SOD1 mutations in amyotrophic lateral sclerosis
- First Online:
- Cite this article as:
- Battistini, S., Giannini, F., Greco, G. et al. J Neurol (2005) 252: 782. doi:10.1007/s00415-005-0742-y
- 401 Downloads
Amyotrophic Lateral Sclerosis (ALS), the most common form among motoneuron diseases, is characterized by a progressive neurodegenerative process involving motor neurons in the motor cortex, brain stem and spinal cord. Sporadic (SALS) accounts for the majority of patients but in about 10% of ALS cases the disease is inherited (FALS), usually as an autosomal dominant trait.
In the present study we show the results of a referred based multicenter study on the distribution of SOD1 gene mutations in the largest cohort of Italian ALS patients described so far. Two hundred and sixty–four patients (39 FALS and 225 SALS) of Italian origin were studied. In 7 out of 39 FALS patients we found the following SOD1 gene mutations: i) a new G12R missense mutation in exon 1, found in a patient with a slowly progressive disease course; ii) the G41S mutation, in four unrelated patients with rapidly progressive course complicated with cognitive decline in two of them; iii) the L114F mutation, in a patient with a slowly progressive phenotype; iv) the D90A mutation, in a heterozygous patient with atypical phenotype. In addition, in one SALS patient a previously reported synonymous variant S59S was identified. In 17 (3 FALS and 14 SALS) out of 264 patients (6.4 %) the polymorphism A→C at position 34 of intron 3 (IVS3: + 34 A→C) was found, and in one FALS patient a novel variant IVS3 + 62 T→C was identified.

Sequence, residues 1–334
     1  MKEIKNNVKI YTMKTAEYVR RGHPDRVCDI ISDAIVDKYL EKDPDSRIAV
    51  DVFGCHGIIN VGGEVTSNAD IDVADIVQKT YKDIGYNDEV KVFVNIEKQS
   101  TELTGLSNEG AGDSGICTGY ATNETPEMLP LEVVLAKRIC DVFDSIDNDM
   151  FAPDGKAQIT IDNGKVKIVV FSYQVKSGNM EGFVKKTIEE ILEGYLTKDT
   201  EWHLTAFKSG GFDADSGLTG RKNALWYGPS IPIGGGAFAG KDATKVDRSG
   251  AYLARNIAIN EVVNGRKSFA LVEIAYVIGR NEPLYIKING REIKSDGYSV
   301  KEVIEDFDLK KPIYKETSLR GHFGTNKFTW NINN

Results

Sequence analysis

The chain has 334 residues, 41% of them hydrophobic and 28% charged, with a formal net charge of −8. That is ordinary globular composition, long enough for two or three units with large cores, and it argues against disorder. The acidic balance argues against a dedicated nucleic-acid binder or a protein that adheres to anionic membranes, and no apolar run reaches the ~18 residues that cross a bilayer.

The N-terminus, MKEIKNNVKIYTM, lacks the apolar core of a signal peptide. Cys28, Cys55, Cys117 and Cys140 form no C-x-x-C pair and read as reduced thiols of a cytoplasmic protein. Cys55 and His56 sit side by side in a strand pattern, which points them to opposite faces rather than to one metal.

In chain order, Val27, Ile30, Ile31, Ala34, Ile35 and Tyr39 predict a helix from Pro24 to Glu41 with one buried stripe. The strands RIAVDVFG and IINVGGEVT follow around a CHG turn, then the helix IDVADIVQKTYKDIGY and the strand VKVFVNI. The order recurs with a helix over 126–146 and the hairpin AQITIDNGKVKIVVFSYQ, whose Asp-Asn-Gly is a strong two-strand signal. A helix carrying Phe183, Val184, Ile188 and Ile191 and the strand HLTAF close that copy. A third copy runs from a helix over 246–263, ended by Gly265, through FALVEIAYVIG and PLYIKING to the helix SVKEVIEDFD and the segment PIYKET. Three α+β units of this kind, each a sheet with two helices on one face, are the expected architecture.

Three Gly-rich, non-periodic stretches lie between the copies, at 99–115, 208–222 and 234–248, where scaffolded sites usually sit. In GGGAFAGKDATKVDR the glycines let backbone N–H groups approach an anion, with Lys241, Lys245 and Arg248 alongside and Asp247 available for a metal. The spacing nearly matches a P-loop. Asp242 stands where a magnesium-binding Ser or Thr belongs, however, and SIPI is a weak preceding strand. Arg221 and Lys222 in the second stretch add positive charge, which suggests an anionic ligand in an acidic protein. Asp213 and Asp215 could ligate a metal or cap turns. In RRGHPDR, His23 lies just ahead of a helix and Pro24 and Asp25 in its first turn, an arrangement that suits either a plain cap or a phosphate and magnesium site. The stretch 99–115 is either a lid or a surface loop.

The frequency of SOD1 gene mutations (17.9 %) in FALS cases was comparable with that found in other surveys with a similar sample size of ALS cases. No SOD1 gene mutations have been identified in SALS cases. Within FALS cases, The most frequent mutation was the G41S identified in four FALS.